Trump has benefitted immensely for having been allowed to use the national airwaves in the fashion we all have observed.  Most recently in the New York Times the value of Trump’s free media coverage has been put at close to $2 billion had the candidate been required to pay.  As the article notes  “no fundraising and advertising effort can match it.”  That poses serious questions and concerns about our entire political process.

Cronkite would have held Trump and others to a higher standard as he appreciated the need for a well-informed electorate.  “Uncle Walter” knew something that is lacking in too many news rooms today.  That would be journalists are not there to provide what citizens want to see, but instead are there to report what citizens need to know.

The time when Cronkite ruled the nightly airwaves was a time when civic duty was a true standard in the news room.  That standard was expected to be met each and every broadcast.

Political Cartoons Of GOP Governor Robert Bentley Sex Scandal

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Why Reporters Matter–Reason #6,924

Journalists and reporters are the reason our democracy thrives.  That has long been a point made on this blog.

The only security of all is in a free press. The force of public opinion cannot be resisted when permitted freely to be expressed. The agitation it produces must be submitted to. It is necessary, to keep the waters pure. –Thomas Jefferson to Lafayette, 1823.

So it comes as no surprise that I post the following from the Washington Post.

Anyone who has doubts about the importance of journalists in 2016 need be acquainted only with the reporting team at AL.com, the largest statewide news organization in Alabama. The group’s reporters cracked open a scandal involving their governor’s alleged infidelity last week and have been covering the unpredictable fallout aggressively ever since.

This scandal didn’t come to them overnight; they’ve been hearing rumors of an affair between Gov. Robert Bentley (R) and his top political adviser, Rebekah Caldwell Mason, for months. The story finally broke open on March 22 when a fired top law enforcement official went on the record to AL.com’s John Archibald about the alleged affair and offered proof. Faced with damning evidence of a taped phone conversation to a woman named Rebekah, Bentley has denied he had an affair, but few in a state accustomed to scandal believe him.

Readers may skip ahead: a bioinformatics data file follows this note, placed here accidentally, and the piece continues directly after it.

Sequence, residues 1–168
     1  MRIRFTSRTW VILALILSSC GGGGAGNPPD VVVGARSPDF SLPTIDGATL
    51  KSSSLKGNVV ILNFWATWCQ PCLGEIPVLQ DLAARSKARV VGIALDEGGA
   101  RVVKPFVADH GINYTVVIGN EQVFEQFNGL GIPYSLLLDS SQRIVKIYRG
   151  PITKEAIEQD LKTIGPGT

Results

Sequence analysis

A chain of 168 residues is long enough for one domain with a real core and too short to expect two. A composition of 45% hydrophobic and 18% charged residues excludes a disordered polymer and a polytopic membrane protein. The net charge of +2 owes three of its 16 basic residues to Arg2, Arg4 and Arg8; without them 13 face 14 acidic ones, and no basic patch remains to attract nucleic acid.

So lets salute and thank those intrepid reporters who keep us aware of the news and facts needed in order to maintain the type of nation we live in–may it always be so.

Donald Trump (Again) Outmaneuvered Over Convention Delegates

So much for Donald Trump being the smartest person in the room, with the biggest brain.  So much for Trump having the most savvy skills for deal making.  The best read of the day comes from Politico about how Trump is being played all the way to the Republican convention.

In Texas they might say of this orange-skinned man, “All hat, no horse.”

Perhaps the most glaring warning sign for Trump is the looming battle for delegates in Massachusetts. Trump scored 49 percent of the vote there, 31 points ahead of second-place Kasich. Cruz finished a distant fourth with 9.6 percent. Yet, it’s Cruz who seems to have the momentum as the state GOP prepares to hold Congressional District conventions and a state party meeting that will elect 39 national delegates.